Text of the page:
Bivines was convicted last November and sentenced to life in prison plus five years on charges of malice murder, felony murder, aggravated assault and possession of a weapon during the commission of a felony, AJC.com previously reported.
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Thornton’s mother is suing the company and Bivines, alleging his violent criminal history should have barred him from working as a delivery driver.
Nearly eight years before the murder, Bivines was charged with aggravated assault, Channel 2 reported. The charge was ultimately downgraded and he ended up being convicted of battery.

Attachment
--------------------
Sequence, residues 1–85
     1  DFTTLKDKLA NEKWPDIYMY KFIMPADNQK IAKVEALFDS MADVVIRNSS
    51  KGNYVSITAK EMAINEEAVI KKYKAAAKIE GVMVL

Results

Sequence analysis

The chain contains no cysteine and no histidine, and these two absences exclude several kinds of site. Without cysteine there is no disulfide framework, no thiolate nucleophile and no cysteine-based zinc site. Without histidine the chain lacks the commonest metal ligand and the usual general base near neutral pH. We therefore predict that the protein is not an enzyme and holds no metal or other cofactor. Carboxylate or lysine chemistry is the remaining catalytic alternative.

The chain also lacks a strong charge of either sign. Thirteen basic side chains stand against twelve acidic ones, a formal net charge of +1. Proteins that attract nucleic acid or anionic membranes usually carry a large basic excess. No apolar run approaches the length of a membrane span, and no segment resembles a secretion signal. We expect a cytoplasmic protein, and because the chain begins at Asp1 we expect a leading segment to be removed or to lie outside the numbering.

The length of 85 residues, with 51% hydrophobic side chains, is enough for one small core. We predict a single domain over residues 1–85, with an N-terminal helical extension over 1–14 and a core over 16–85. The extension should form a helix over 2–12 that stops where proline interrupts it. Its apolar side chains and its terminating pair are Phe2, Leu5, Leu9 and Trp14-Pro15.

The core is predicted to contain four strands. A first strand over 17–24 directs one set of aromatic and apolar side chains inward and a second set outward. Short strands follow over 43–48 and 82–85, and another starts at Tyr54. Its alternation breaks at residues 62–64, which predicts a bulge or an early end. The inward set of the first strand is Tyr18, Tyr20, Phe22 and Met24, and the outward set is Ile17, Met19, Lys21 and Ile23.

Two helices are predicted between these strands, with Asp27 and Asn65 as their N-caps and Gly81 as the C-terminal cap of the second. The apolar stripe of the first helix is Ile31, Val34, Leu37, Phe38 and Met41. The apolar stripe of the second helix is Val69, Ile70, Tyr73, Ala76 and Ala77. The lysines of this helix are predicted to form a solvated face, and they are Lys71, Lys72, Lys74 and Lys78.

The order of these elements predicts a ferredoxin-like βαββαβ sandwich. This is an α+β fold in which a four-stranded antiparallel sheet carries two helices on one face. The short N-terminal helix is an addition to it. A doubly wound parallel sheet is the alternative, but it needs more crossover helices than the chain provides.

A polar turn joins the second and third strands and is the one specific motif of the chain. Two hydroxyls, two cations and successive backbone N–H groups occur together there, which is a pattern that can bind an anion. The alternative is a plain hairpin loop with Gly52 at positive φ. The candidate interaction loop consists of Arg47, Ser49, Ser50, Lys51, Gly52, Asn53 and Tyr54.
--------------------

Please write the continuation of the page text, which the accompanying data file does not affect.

Rod Dixon, the Thornton family’s attorney, said Uber’s policy allows violent criminals to be hired seven years after a conviction.
“He was qualified to drive because (the conviction) was seven years and seven months prior,” Dixon said. “It just doesn’t make sense. We’re talking about drivers who are going to people’s homes.”
Marcene Thornton said her son was a big fan of Uber Eats and even tried to convince her to use the service. She said if he hadn’t ordered that night, he’d still be alive.
“It’s the last thing I said to my child,” Thornton said. “I don’t want anybody coming to my house with my food. I’ll go get my own food.”